Riding with Death on a Sunday afternoon.
At the hands of the sterling Calder Quartet last Sunday, Feb. 23, themes of death and transcendence brought a chill to a sunny afternoon. Their program, held at Hertz Hall on the UC campus, began a century ago at the conjunction of fin de siècle decadence and the birth of atonality, with Arnold Schoenberg’s formative String Quartet No. 2.
Wrestling with form when he wrote this in 1908, Schoenberg came up with a hybrid of quartet and song cycle, with the last two movements adding poems for soprano voice. He was also wrestling with context, as his wife had left him for several months, perhaps further drawing him into the dark poetry of Stefan George, whose “Litany” and “Rapture” are incorporated into Quartet No. 2.
And finally, he was wrestling with musical structure and widening his search beyond the pale of tonality. Here, the first two movements are still tonal, if dissonant, but the last two break free, presaging his later tonal liberty and reshaping the musical world.
Soprano Yulia van Doren joined them for those two movements, luscious tones carefully sculpted out of a landscape that had little to do with melodic line. But her line fit like a third violin, and, as she stood in a semicircle with the quartet members, she was careful to never overstate it.
After the nerves and fevers of the first two movements, her song—in which she begs for release from life and suffering—was almost a relief. Almost. Then she sang of a young man’s death, painted so yearningly that we found ourselves strangely worshipping his death rather than his life.
It was with relief that they moved on into contemporary, but Jörg Widmann’s String Quartet No. 3, “Jagdquartett” (2003) turned out to be even creepier. The four brandished their bows violently while shouting, “Hai!” and then jumped into a festive hunt tune, but slowly drifted out of phase into near chaos. Gradually, the listener became aware that the cello was not on the same page, and, in fact, sounded pursued by the three higher strings.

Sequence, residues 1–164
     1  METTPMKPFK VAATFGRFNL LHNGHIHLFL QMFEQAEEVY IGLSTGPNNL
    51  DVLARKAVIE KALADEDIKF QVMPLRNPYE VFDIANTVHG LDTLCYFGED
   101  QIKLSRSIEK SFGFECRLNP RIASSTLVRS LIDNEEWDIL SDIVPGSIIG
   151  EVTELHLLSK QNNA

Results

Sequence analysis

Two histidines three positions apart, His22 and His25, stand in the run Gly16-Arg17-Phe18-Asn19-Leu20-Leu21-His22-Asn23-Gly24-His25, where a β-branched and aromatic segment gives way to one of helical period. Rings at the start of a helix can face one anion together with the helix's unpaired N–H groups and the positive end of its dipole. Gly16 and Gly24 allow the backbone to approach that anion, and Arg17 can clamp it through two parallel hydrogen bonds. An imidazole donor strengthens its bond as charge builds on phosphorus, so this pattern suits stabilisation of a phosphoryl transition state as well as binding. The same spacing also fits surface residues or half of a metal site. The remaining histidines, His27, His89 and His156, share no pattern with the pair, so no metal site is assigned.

Like British composer Arlene Sierra, whose paean to Darwin’s “survival of the fittest” created an orchestra that turned on each other, Widmann sets his violins and viola into a hunt for the blood of the cello. Cellist Eric Byers turned his instrument frantic and then slowed into a horrible unity with the violins, as their sharp bow strokes seemed to feed off the slowing rhythm of his heart beat. It was so immediately threatening and went so deeply into murder, that, with very little imagination, one felt like an accomplice just by hearing the piece.
The technical brilliance that Widmann demanded was exchanged for flawless chords when we returned from intermission for Schubert’s “Death and the Maiden,” a quartet he penned in 1824 as he entered third stage syphilis, a disease that claimed him four years later at the tragically
young age of 32. Unlike the hunt and struggle, here Death was a suitor. When the rhythms of dance turned to quiet hoof beats, we were made aware of the gentleness of our partner and guide, Death on his dappled horse.
The Calder Quartet came into existence in 1998 at USC as four musicians found a lasting camaraderie, and all four original members are still inspiring each other today. This is a very even-handed quartet, with little bluster or ego, and so has extraordinarily fine timing, rich and supple line, and tremendous unison attack. Violinist Benjamin Jacobson often took the higher first line, but violinist Andrew Bulbrook supplied much of the meat (literally, in the Widmann!). When violist Jonathan Moerschel added his low string to Byers’ cello, we were treated to unisons and chords that would shake a smaller hall.
This quartet’s long reputation precedes them, but Van Doren, a rising star (and a noted baroque artist), was the real surprise here, and one hopes that she returns often.
Photo top of soprano Yulia Van Doren, who earned a long ovation at Hertz Hall, performing Schoenberg; photo by Andrew Schaff. Photo bottom of Calder Quartet: back from left, cellist Eric Byers and violist Jonathan Moerschel; front from left, violinists Benjamin Jacobson and Andrew Bulbrook.; photo by Autumne de Wilde.